Inglewood Man Fined under Food Safety and Quality Act
An Inglewood man pleaded guilty and was fined for violating provincial food safety laws.
On March 6, 2017, Robert Goltz pleaded guilty at the Caledon East Provincial Offences Court to one count of obstructing an inspector, which is in violation of the Food Safety and Quality Act, 2001 (the "Act").
Inspectors appointed under the Act routinely attend farmers' markets in Ontario to obtain various samples of Ontario retail-ready produce for testing purposes (chemical and microbial). They follow strict sampling procedures ensuring sample integrity for lab testing.
On August 10, 2016, an inspector attended the Inglewood Farmer's Market in Inglewood, Ontario. The inspector approached a vendor, Mr. Goltz, and requested a sample of retail-ready carrots for testing. Mr. Goltz failed to comply with the request and interfered with the sample by grinding the carrots into the ground. This made the sample unfit for testing purposes. The actions of Mr. Goltz resulted in the matter being referred to the Ministry's Agriculture Investigations Unit.
The investigation found evidence of the inspector being obstructed in the performance of their duties by Mr. Goltz.
Mr. Goltz pleaded guilty to obstructing an inspector in the performance of their duties. The court ordered Mr. Goltz to pay a fine of $1,250 plus a victim fine surcharge of $312.50 for a total of $1,562.50 for violation of subsection 15(5) of the Act.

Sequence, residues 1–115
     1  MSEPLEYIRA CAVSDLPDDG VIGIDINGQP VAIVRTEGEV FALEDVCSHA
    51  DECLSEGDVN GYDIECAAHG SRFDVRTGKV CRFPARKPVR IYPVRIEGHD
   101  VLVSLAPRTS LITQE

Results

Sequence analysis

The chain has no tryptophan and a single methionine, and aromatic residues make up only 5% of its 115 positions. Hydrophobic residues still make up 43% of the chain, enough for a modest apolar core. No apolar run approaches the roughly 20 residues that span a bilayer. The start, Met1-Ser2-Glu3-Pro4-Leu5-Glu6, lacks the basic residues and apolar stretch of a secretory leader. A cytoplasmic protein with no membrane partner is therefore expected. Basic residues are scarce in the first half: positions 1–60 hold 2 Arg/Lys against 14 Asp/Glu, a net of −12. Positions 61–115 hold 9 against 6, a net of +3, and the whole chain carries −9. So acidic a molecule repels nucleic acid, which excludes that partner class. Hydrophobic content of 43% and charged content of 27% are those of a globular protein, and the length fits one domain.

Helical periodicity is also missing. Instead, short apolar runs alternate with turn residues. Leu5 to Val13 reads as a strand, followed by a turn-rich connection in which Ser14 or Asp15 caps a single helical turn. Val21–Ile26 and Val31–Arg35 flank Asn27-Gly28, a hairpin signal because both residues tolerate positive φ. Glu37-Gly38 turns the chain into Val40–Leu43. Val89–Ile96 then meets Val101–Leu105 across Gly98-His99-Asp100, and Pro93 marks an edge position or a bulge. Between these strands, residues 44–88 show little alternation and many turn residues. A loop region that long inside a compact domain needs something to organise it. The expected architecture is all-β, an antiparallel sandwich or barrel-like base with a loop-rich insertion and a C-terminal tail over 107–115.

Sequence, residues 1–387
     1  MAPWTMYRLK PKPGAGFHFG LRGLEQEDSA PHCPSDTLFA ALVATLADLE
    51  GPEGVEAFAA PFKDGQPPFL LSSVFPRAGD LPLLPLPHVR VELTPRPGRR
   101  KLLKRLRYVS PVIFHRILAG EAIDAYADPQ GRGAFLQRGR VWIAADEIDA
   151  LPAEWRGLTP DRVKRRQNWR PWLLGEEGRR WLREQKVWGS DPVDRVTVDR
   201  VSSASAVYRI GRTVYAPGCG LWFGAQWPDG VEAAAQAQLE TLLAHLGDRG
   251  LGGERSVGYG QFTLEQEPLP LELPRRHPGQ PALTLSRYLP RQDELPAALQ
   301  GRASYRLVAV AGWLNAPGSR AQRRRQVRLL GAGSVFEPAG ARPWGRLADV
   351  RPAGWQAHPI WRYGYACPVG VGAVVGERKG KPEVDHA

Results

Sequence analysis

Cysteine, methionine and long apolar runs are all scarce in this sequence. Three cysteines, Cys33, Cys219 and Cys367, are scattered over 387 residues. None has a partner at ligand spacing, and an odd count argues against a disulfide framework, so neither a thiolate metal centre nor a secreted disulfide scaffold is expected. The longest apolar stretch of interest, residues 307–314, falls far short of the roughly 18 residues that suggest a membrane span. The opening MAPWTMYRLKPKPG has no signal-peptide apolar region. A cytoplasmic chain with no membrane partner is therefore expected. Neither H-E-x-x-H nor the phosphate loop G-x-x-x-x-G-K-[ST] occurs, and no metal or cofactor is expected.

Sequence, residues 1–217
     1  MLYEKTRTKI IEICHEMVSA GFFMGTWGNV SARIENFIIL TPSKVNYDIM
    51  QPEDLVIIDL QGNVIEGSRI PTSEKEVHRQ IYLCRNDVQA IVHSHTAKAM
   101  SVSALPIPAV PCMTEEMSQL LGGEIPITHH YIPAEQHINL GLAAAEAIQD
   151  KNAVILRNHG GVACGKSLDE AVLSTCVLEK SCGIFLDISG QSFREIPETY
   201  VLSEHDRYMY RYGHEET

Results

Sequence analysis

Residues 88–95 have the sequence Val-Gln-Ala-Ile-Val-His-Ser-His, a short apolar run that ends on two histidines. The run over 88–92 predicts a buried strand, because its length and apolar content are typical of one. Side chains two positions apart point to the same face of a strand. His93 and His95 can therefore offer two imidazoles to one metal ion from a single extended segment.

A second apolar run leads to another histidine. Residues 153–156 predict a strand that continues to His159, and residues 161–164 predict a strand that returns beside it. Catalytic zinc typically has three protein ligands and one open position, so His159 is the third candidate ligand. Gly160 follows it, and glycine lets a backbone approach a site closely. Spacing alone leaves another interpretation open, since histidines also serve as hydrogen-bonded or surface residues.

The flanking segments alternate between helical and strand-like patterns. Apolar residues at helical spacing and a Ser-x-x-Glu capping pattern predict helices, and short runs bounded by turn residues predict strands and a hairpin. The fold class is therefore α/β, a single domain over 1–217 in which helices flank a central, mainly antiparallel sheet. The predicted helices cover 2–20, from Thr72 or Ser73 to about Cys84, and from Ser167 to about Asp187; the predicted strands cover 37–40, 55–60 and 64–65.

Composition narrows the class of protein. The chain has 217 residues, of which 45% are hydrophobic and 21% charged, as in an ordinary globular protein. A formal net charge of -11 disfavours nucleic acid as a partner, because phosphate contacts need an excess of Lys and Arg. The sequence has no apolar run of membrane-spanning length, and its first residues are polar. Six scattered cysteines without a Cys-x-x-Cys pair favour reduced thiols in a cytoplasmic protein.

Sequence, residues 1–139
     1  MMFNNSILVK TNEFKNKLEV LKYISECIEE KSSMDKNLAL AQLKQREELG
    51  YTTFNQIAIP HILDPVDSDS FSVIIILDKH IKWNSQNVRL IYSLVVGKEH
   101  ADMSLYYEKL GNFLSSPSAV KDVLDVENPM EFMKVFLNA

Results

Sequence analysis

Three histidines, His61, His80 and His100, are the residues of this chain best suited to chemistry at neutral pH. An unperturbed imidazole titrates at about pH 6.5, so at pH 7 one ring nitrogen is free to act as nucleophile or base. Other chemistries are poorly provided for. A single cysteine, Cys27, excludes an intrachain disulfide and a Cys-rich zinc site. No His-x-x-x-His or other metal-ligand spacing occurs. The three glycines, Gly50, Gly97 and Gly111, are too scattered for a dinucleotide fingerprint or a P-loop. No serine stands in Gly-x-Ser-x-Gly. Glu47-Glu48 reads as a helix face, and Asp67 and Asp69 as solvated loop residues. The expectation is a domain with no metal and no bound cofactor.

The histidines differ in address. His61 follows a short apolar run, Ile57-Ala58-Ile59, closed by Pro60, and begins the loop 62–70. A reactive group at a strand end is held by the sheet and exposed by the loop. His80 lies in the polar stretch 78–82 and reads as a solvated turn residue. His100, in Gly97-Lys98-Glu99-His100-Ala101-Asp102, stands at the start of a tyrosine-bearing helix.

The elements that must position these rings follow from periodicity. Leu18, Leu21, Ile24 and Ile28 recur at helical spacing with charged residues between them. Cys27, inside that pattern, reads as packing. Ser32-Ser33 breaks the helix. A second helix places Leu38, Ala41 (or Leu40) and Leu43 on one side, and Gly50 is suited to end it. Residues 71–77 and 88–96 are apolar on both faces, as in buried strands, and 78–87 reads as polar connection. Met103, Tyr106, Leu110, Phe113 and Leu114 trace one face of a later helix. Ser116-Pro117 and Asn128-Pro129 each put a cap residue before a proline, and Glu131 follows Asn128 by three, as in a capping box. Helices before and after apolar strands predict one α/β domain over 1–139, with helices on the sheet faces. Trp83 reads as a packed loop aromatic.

Help Us Enforce the Law
Anyone with information regarding potential violations of provincial food and inspection legislation is asked to contact the OMAFRA Regulatory Compliance Unit at (519) 826-4537 or toll-free at 1-877-424-1300 (Agriculture Information Contact Centre).
- Ontario is a leader in food safety. The province’s Food Safety and Quality Act, 2001 is part of Ontario’s food safety system and contains high standards for the protection of consumers.
- The Ministry’s Food Safety Monitoring Program routinely collects samples from market vendors for the purpose of chemical, microbial, and heavy metal testing.
- The Food Safety and Quality Act, 2001, allows inspectors to examine, test, analyse, take samples of or dispose of samples of any food, agricultural or aquatic commodity, agricultural input or other thing used in carrying on a regulated activity.
- Penalties for an individual convicted of a provincial offence under this Act may include: a fine of up to $25,000 for a first conviction and up to $50,000 for each subsequent conviction (for each day or part of a day on which the offence occurs or continues); imprisonment for no more than two years; or both a fine and imprisonment as stated in s. 46 of the Food Safety and Quality Act, 2001.